Debussy described his score as a “very free illustration of Mallarmé’s beautiful poem…a succession of scenes through which pass the desires and dreams of the faun in the heat of the afternoon”.

Every generation seems to give birth to a new wave of Fauns including the solo performances created by Serge Lifar and Maurice Bejart. In the 1950s, the American choreographer, Jerome Robbins, set his Afternoon of a Faun in a ballet studio, where a man and a woman see one another’s reflections in an imaginary mirror, and, for a moment, see one another face to face.

In the 1980s, Barry Moreland and Graeme Murphy created their own Australian Fauns while more recently, the mythological creature has inspired choreographers from Britain, (Tim Rushton), Sweden (Pontus Lidberg), Belgium (Sidi Larbi Cherkaoui) and Germany, (Raimund Hoghe).

This year in Brisbane, the Hamburg Ballet will present John Neumeier’s ballet, Nijinsky, in which the Faun dances with Nijinsky and his wife, Romola.

The Faun has also found his way into drama and movies, with the most peculiar manifestation being a 1984 Czechoslovak movie about an aging Don Juan, The Very Late Afternoon of a Faun.

Del Amo’s interpretation is not only an investigation into the Faun’s past, but also a way for the choreographer to move on from the solo performances he has given during his last few years in Australia.

He empathises with Kate Champion, the choreographer and former solo performer, who said, “you can only mine yourself for material for so long…She became interested in other people’s stories, and histories”.

In his new work, del Amo has shifted some of the emphasis from the faun to the time in which he exists – the afternoon.

“Paul grew up in Queensland and talked about the summer afternoons when everything is very lazy and languid, and about the afternoon as a period of potential and promise, what might be later”.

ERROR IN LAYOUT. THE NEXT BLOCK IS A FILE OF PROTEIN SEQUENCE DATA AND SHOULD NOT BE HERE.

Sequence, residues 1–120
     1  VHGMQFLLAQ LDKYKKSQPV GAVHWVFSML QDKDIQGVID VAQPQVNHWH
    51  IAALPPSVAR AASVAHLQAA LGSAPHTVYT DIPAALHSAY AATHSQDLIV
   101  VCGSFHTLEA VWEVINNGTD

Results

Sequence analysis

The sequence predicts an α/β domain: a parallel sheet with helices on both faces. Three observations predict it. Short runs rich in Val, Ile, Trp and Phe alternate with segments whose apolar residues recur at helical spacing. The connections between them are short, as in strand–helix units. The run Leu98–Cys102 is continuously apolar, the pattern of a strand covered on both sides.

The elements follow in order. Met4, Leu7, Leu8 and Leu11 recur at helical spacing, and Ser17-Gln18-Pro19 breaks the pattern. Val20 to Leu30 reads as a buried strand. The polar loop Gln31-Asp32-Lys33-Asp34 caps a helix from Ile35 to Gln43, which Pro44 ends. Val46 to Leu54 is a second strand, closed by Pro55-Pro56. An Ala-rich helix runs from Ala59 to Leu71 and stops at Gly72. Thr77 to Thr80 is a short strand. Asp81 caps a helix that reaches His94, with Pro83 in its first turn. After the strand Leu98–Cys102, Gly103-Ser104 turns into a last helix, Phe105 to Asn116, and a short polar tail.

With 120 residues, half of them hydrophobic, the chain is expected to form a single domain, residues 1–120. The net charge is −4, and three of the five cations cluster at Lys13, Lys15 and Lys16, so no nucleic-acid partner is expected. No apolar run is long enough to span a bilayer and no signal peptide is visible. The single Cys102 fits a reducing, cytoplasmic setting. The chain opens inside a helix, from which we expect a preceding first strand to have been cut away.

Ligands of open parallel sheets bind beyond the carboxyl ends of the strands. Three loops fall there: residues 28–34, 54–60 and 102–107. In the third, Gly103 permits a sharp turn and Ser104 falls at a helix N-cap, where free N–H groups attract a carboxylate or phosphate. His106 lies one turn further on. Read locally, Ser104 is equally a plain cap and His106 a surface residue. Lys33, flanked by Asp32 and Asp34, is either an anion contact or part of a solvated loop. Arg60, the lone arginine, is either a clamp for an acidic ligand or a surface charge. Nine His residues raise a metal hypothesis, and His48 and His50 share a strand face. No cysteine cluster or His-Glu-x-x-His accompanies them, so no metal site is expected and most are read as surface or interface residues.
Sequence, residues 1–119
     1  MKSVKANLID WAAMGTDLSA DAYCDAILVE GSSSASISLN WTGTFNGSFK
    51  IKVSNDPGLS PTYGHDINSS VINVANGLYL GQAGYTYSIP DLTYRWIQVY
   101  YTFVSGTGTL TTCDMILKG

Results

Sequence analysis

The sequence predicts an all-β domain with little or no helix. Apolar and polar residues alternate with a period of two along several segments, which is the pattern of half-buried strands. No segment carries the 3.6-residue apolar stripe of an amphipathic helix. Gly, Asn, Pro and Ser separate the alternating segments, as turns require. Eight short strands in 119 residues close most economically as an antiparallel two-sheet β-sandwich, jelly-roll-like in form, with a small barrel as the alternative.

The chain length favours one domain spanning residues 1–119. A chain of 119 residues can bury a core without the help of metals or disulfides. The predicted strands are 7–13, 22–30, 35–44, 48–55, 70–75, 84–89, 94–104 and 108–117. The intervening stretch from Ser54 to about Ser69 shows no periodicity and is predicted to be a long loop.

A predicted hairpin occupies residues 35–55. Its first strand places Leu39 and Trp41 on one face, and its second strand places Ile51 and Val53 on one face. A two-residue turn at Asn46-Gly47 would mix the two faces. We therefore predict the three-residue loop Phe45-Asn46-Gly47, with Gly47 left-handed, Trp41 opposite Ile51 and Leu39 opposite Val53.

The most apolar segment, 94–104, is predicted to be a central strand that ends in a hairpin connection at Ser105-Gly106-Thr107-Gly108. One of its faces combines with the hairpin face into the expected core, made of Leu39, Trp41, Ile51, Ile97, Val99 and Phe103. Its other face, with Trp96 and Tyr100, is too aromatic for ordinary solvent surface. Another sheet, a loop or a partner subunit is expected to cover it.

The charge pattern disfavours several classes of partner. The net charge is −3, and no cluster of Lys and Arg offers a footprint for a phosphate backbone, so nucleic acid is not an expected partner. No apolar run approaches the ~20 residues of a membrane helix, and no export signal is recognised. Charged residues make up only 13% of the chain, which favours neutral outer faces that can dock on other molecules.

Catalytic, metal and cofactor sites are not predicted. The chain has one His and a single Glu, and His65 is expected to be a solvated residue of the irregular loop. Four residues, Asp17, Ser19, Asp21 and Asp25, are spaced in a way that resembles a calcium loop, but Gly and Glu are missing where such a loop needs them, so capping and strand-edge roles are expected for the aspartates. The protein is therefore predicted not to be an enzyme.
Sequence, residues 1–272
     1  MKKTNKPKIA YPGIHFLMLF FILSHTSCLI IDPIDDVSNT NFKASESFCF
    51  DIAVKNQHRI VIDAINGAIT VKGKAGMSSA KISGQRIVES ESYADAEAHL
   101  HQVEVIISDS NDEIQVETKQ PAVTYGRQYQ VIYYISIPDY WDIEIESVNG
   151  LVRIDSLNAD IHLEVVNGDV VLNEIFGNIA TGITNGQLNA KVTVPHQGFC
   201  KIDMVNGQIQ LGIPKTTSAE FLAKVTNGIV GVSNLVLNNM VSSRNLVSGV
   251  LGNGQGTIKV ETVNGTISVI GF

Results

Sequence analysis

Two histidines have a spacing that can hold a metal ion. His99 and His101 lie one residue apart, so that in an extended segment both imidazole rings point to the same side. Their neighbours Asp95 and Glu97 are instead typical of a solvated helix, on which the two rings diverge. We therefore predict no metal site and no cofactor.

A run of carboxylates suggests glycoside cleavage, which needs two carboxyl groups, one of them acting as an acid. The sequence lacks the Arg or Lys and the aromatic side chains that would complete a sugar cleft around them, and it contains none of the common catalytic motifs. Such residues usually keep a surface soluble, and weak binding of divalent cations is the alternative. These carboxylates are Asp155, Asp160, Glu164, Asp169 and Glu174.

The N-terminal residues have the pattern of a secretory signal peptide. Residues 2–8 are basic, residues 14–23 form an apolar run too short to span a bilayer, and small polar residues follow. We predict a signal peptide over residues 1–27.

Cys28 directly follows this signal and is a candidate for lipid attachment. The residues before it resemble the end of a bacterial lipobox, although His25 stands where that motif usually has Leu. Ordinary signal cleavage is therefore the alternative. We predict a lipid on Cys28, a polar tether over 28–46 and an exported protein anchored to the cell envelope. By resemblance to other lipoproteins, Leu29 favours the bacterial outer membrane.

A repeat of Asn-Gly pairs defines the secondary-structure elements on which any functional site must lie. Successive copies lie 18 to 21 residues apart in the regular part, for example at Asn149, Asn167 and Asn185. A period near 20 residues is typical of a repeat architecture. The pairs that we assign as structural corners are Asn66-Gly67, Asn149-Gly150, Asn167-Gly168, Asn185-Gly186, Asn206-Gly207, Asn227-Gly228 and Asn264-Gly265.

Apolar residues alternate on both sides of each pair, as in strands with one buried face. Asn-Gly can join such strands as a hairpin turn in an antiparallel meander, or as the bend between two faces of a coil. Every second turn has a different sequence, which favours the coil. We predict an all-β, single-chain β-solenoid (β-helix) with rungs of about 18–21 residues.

Del Amo asked White to study animals in the zoo, “to observe one animal for half an hour, then a whole pack, and how they related to one another, then, while observing, concentrate on the other sensations, the smell, the temperature”.

There will be no traces of Debussy’s music and no Nijinsky-like costume details such as brown patches on flesh coloured tights, along with a gold wig. Instead, White will be wearing a T-shirt and trousers which he will casually discard to reveal only a pair of briefs.

Graeme Murphy once wrote in his Faun program notes: “To me the Faun has always represented that spirit which is unbound by conventional morals, disciplines or social and political conditionings.

“The Faun is poetic and instinctive. He is an endangered species – threatened by shrinking Arcadia, expanding social taboos and a distressing belief in his very existence”.

The idea of a faun might be endangered, but as a ghost who haunts the dance stage, it seems he will never fade away.

Anatomy of an Afternoon is at the Playhouse, Sydney Opera House, January 9-11 and January 13-16.

This article first appeared in The Australian Financial Review on 7 January 2011.

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Paul White, Anatomy of an Afternoon

Tiler Peck and Robert Fairchild rehearsing Jerome Robbins’ Afternoon of a Faun. Photo © Erin Baiano

David Hallberg and Stella Abrera, Jerome Robbins’ Afternoon of a Faun. Photo © Marty Sohl

Vaslav Nijinsky, L’après-midi d’un faune